Jonathan Demme’s red-hot-mama road movie returns on Blu-ray and DVD, all dolled up by the Criterion Collection.
Unlike most hipster movies of the 1980s, “Something Wild” still hits on all of its cylinders: sex, violence and screwball madness.
Very little feels dated, really: Credit Demme’s forward-looking soundtrack, stuffed with reggae and world beat music. And the casual yet stunning performance by Melanie Griffith, in what has to be her best role as Lulu/Audrey.
The fish out of water tale has everyman-in-a-suit Charlie (Jeff Daniels) meet cute with Lulu in Manhattan. She’s a Louise Brooks knock-off — jet-black bowl hair-do, ’80s black-stretchy outfit covered in African beads and necklaces. She’s into sex and larceny.
Charlie decides to chuck it all and drive away with Lulu, swigging whiskey as they go. One state later, Charlie has a moment of clarity and balks. “If you don’t want to hang around, then go back to your barbecues and brunches,” she scolds him.
Down the road, they roll through Lulu’s past as small-town Audrey. They visit her mom (pretending to be married) and attend a high school reunion. Charlie’s lapping it up, until he meets his new lover’s ex-husband, Ray, fresh out of the slammer. Let the weird times roll. …
“It’s a movie that depends on the element of surprise,” says director Demme, in an understatement.
The “Wild Thing” Blu-ray looks good, but not great, on Blu-ray. Demme’s “hothouse of colors” come through just fine, but there’s a screen of grain resting atop the images (1.78:1 with framing). Still, the movie looks fresh and bold. No damage mars the viewing experience.
Audio is in stereo DTS HD Master Audio. Music sounds great; dialogue is mostly clear.
1980s punk star John Doe was considered for the Ray role, but Demme didn’t find him threatening. Cut to film rookie Ray Liotta, still in acting school. “He scared the hell out of me,” Demme says in the new 33-minute video interview that accompanies the Criterion title.
Even with all that menace, Demme says, “You have to really beware of making the bad guys bad guys.” Thus we have Ray, a psycho with a soft spot for old Charlie. For a while.
Melanie Griffith was in Demme’s mind’s-eye as he first read E. May Frye’s original script. He’d seen her in Brian De Palma’s “Body Double.” Kevin Kline had the inside track as Charlie, but that fell through and then “something really clicked” with Jeff Daniels — “a formidable actor who is also funny.”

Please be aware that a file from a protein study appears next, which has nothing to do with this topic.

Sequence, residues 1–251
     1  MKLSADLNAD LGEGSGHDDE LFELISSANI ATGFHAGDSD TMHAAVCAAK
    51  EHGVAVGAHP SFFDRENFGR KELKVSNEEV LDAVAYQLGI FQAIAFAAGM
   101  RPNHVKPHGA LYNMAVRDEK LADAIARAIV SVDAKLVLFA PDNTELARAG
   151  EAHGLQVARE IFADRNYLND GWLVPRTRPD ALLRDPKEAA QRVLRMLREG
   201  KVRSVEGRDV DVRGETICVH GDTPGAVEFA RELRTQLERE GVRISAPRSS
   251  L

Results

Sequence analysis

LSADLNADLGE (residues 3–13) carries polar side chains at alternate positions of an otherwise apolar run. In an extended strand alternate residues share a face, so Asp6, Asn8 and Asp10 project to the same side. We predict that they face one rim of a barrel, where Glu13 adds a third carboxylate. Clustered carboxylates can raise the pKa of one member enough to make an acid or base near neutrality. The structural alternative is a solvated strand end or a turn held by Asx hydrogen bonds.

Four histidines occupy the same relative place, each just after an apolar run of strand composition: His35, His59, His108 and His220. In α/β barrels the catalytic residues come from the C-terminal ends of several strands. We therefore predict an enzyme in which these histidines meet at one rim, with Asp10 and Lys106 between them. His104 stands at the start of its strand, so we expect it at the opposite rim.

From B-movie master Roger Corman, Demme learned to take extra care with casting the extras. The movie is packed with great little performances. “The movie is in the hands of whoever you’re cutting to,” Demme explains. John Waters shows up as a used car salesman. John Sayles plays a motorcycle cop.
Demme (“Heart of Gold”) admits he was “consumed with the musical dimension.” He brought in pal David Byrne, whom he’d directed in the concert film “Stop Making Sense,” to do an opening take on “Wild Thing.” That Troggs’ classic remains in heavy rotation throughout the movie, which ends with a rap-reggae version by Sister Carol.
Demme wanted all of the music to be “source only,” meaning it had to come out of a radio or jukebox or band as part of the action. Where that wasn’t possible, he used score music by the eternally hip John Cale and Laurie Anderson.
Other artists included on the soundtrack are Doe’s X, Oingo Boingo, Fine Young Cannibals, Jimmy Cliff and UB40 — not a tinny new wave act among them.
“How good can the music get in one movie,” Demme marvels today, just saying.
Demme’s interview winds and weaves a bit, but it’s a fun listen. Also interviewed for Criterion was writer Frye, who tells how he got the idea in a bar, with a punk girl incongruously chatting with a pinstripe businessman.
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